• ALANA BALTZER: The first time in years I have been able to wear high heels without groaning

  • in absolute pain and sheer agony.

  • PAUL SOLMAN: As for the depression she has long struggled to fend off:

  • ALANA BALTZER: It's nice to not have a full-blown episode because I'm worried about whether

  • or not I'm going to be able to eat tonight or be able to pay my rent or do something

  • as simple as laundry.

  • PAUL SOLMAN: Other pluses?

  • Well, from the government's point of view, it no longer has to subsidize Baltzer's housing,

  • so the pilot is costing Ontario less than $700 a month more.

  • DR.

  • KWAME MCKENZIE: It's important to measure that and measure sort of use of government

  • services.

  • PAUL SOLMAN: But Baltzer attends college in the fall, as now planned, and then gets a

  • job, government would be off the hook entirely.

  • DR.

  • KWAME MCKENZIE: And it's also important to measure whether people are actually generating

  • wealth, because everybody's thinking often about the cost, but people don't always think

  • about the possible economic benefits.

  • PAUL SOLMAN: But, look, say skeptics, basic income will cost a pretty, albeit Canadian,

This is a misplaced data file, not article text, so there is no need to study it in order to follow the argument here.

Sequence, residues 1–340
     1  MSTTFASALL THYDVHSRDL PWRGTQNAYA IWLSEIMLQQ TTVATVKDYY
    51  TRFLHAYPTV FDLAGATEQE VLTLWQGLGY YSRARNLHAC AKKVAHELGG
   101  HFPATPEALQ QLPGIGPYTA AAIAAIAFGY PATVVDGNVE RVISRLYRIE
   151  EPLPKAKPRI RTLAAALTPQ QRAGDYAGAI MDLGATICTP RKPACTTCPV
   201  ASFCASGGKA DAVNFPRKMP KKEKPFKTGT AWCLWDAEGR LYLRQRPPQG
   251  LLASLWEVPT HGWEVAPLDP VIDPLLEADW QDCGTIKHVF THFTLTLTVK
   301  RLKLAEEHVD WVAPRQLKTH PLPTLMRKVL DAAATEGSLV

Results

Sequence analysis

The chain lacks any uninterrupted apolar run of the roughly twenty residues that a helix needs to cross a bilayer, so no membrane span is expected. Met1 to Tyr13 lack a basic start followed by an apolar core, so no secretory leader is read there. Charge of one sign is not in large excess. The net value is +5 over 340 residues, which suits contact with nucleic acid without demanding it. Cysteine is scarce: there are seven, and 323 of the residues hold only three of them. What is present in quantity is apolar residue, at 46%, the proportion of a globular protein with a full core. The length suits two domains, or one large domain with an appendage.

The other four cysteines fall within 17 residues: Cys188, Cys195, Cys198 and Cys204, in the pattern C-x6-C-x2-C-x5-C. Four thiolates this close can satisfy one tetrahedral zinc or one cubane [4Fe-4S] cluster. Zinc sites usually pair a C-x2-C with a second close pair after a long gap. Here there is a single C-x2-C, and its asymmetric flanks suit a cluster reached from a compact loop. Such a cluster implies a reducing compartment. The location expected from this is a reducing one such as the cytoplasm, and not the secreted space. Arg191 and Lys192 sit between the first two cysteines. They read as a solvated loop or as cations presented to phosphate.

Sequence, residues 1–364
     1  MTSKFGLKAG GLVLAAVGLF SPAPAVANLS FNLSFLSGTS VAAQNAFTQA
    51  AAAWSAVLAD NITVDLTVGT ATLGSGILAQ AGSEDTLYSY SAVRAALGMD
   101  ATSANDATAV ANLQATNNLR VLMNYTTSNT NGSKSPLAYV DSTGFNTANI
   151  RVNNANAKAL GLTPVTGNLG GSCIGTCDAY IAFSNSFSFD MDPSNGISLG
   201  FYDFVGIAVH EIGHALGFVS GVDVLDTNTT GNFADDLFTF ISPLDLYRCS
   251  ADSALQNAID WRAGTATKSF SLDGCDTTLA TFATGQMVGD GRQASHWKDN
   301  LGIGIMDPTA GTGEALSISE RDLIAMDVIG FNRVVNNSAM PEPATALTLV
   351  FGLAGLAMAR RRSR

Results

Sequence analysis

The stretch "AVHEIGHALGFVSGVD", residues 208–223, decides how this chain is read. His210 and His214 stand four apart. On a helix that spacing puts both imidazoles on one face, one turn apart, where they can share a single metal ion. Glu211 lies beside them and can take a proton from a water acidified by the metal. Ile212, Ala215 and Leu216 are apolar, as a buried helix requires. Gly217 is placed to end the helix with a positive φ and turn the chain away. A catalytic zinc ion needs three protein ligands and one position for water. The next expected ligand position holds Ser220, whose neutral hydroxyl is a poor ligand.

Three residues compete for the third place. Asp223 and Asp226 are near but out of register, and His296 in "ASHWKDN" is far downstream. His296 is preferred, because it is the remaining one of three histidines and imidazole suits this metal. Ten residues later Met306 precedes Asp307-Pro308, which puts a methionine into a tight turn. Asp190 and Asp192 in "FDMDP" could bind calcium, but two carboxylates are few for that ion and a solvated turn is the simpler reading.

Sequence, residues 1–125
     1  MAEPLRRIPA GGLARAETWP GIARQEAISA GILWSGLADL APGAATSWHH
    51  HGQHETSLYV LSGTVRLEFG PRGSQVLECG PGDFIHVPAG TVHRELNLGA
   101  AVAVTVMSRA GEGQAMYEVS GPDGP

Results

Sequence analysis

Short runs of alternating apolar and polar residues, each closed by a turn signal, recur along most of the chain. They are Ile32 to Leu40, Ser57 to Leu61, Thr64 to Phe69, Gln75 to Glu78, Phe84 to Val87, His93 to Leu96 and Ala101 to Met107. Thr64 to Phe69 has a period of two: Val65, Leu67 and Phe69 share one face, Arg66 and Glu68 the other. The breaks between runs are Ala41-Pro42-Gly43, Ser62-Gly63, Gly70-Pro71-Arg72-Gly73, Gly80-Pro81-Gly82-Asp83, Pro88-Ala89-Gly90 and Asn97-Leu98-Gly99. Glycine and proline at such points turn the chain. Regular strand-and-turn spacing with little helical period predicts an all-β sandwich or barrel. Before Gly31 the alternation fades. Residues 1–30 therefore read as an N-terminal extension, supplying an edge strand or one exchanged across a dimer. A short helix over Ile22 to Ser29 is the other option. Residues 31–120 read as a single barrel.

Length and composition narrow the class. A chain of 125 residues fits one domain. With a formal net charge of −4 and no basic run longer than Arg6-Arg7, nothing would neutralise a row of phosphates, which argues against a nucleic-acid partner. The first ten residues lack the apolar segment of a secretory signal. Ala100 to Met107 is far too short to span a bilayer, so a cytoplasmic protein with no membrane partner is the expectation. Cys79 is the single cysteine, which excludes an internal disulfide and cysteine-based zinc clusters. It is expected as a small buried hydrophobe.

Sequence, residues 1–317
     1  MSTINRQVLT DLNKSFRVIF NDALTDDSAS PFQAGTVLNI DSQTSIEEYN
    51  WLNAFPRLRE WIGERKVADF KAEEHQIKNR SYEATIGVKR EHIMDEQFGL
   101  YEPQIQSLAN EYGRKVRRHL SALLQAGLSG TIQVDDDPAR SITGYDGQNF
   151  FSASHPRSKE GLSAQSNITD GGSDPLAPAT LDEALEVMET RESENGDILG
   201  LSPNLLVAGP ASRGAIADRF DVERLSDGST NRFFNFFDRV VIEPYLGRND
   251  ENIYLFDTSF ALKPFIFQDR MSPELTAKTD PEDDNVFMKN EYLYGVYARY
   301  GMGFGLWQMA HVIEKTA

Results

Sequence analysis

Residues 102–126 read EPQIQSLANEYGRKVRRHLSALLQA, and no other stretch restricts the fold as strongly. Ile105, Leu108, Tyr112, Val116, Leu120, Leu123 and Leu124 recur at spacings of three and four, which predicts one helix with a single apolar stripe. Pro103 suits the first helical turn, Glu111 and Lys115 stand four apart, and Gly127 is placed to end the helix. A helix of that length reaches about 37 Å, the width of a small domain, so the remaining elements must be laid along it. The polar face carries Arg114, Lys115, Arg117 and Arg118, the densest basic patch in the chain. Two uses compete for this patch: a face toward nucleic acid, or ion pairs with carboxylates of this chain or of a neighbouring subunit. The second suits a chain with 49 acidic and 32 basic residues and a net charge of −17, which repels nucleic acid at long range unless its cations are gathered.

• penny going out, while benefits may never actually flow in.

  • DAVID WAKELY, Attorney: I don't think the savings are actually going to be there.

  • So, I think that's misleading.

  • PAUL SOLMAN: That's local lawyer David Wakely, who says, if the program is extended universally,

  • it would cost Ontario two-thirds of its annual revenue.

  • And he doubts recipients will go to school or get a job.

  • DAVID WAKELY: Where someone can stay home and get a basic income guarantee, this just

  • serves as a security blanket for them, because they have always got this income to rely on.

  • PAUL SOLMAN: And as I asked former U.S. union leader Andy Stern, isn't that the time-honored

  • objection to a basic income?

  • If you pay people to do nothing, isn't that an incentive for them to continue to do nothing?

  • ANDY STERN, Economic Security Project: There are always people who are going to stay at

  • home and take advantage of government programs.